7. Personal Savings

nursing homes resident and nurse

Who says you have to take out a loan or sell your assets to afford long-term care? If you have personal savings or a retirement plan, that may be all the money you need! To plan ahead, speak with your financial advisor or seek out expert advice to ensure your investments are working for you.

8. Long-Term Care Insurance

long-term care clock and stethescope

Long-term care insurance can help pay for care received in your home, a nursing home, an assisted living facility, or even adult daycare centers.

How?

Usually, policies state that you become eligible for benefits when you’re unable to perform at least two of six “activities of daily living.” These ADLs are as follows: bathing, toileting, dressing, eating, caring for incontinence, and transferring (mobility). Each lender is different. So, do your research to ensure you’re getting the best coverage for your money. It is also important to note that long-term care insurance may exclude medical assistance for any issues related to alcohol or drug addictions.

According to AARP, it is best to purchase long-term care insurance between the ages of 60 and 65 – no younger. This way, you aren’t paying a premium over many years for insurance you might never need; instead, you’re purchasing it at a time when long-term care is statistically more plausible, yet you are young enough that premiums will be affordable. Though the average cost and payout of long-term care insurance will vary by lender and policy, you may expect an annual premium of around $2,000 with a benefit of around $165,000.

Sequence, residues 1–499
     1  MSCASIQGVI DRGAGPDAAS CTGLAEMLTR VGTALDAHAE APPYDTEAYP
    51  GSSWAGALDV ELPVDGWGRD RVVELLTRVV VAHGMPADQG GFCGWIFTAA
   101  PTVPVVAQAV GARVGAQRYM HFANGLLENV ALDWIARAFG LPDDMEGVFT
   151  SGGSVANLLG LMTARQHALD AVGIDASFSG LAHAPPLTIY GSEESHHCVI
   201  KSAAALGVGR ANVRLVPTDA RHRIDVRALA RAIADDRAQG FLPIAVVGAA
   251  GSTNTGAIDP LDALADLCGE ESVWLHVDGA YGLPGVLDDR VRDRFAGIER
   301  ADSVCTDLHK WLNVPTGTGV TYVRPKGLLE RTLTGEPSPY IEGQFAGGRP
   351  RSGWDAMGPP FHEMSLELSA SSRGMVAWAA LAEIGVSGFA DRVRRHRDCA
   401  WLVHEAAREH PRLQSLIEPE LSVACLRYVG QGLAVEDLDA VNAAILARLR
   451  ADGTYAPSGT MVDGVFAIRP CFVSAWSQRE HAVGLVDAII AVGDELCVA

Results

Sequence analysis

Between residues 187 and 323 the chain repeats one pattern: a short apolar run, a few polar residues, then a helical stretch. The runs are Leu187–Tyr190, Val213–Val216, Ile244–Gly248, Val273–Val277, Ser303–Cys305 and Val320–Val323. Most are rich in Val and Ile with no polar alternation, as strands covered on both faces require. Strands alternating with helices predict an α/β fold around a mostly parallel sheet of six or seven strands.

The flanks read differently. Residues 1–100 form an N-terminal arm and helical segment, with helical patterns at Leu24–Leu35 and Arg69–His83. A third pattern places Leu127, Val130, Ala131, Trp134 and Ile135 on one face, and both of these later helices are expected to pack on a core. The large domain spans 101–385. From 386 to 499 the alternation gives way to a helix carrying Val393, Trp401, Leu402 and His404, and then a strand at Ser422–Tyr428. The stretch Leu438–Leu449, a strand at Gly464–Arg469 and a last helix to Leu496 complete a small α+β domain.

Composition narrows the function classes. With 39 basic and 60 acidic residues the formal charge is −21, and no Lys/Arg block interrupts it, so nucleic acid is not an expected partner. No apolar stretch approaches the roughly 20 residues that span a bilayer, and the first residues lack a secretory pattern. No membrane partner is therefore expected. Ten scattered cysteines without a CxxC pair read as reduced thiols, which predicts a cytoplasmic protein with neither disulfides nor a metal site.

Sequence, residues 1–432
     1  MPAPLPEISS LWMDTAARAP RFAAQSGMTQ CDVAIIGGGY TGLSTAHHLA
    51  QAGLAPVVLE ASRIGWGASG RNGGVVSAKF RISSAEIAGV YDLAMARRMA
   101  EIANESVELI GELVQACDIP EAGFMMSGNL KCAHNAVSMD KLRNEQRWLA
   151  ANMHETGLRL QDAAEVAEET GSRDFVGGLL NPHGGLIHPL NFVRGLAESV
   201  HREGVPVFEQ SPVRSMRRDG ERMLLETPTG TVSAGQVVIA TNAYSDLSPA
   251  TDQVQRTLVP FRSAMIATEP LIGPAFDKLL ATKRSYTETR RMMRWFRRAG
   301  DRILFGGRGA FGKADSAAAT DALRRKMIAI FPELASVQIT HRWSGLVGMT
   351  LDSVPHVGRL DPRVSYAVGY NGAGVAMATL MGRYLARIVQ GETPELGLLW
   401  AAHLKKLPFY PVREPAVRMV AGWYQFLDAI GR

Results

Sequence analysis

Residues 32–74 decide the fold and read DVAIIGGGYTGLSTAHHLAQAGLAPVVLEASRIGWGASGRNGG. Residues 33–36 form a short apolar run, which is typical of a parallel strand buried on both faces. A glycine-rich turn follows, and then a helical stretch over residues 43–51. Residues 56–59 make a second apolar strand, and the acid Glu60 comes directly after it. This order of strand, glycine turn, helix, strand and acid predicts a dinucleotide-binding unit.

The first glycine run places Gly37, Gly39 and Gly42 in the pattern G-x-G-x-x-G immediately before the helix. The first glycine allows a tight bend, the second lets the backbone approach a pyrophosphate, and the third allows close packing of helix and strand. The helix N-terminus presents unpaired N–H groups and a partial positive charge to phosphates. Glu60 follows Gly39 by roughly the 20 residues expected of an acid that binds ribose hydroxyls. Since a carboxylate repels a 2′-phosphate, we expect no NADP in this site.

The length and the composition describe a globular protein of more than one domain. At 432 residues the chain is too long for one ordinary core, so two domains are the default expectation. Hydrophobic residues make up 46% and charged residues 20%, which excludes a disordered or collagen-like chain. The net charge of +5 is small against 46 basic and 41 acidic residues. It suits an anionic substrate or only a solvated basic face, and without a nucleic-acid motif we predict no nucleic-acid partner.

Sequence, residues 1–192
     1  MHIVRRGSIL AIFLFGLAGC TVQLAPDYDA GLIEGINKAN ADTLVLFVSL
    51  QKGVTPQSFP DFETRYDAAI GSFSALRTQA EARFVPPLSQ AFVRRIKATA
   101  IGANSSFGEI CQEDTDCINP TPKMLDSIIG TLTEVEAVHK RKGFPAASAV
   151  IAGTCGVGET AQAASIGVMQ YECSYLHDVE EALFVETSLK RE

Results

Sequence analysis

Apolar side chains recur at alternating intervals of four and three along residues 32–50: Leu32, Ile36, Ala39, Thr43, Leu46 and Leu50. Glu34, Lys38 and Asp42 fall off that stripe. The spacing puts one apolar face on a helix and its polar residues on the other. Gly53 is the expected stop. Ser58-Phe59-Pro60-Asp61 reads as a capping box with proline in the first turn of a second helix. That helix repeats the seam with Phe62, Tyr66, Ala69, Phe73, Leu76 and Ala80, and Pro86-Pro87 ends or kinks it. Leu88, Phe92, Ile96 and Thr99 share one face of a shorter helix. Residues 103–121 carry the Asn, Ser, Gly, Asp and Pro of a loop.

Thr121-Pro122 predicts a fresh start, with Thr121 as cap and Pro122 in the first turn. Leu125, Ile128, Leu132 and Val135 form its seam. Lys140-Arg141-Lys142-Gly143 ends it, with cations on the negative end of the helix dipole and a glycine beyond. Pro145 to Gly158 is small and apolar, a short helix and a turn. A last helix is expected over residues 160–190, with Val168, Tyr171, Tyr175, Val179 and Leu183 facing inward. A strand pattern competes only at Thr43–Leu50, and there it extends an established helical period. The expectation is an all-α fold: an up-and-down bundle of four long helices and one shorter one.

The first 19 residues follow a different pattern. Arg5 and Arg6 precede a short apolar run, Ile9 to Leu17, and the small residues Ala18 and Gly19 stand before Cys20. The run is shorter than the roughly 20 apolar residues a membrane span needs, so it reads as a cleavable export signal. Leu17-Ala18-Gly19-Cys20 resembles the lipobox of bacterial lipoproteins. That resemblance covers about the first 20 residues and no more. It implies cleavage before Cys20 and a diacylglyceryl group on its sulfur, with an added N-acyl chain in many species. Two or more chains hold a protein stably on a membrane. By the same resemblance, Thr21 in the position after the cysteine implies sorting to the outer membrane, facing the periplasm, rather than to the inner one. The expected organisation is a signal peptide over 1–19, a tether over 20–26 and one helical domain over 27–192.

9. VA Benefits

holding hands at nursing home

Veterans who receive VA health care benefits can apply for long-term care services.

How?

The VA will cover the cost of many services under standard health benefits. Visit va.gov to see the full list of long-term care services available and to apply for assistance. Veterans may be eligible for Community Nursing Homes, which are residential care centers and skilled nursing facilities, paid for by VA benefits.

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Visit va.gov’s Geriatrics and Extended Care page for more information.

10. Annuities

annuity jar

An annuity is essentially a contract between an individual and an insurance company in which the person gives a sum of money that the company then invests. In turn, the annuitant is guaranteed monthly payments. An annuity has limited options for helping with nursing home costs.

How?

Annuities promise a continued stream of income. If you have an annuity, and it’s enough money per month, the income can be used to pay care costs. Alternatively, you can sell your annuity to free up money fast.

Choosing the Best Way to Pay for a Nursing Home

woman in wheel chair at nursing home

Find nursing homes and skilled nursing facilities here.

Paying for nursing home care doesn’t have to be a burden on you or your loved ones. Plan ahead and revisit your options as circumstances change. If you need more help, then start with these resources:

Bob Carlson’s Retirement Watch

Medicare.gov

Medicaid.gov

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U.S. Department of Veterans Affairs

Originally published January 15, 2024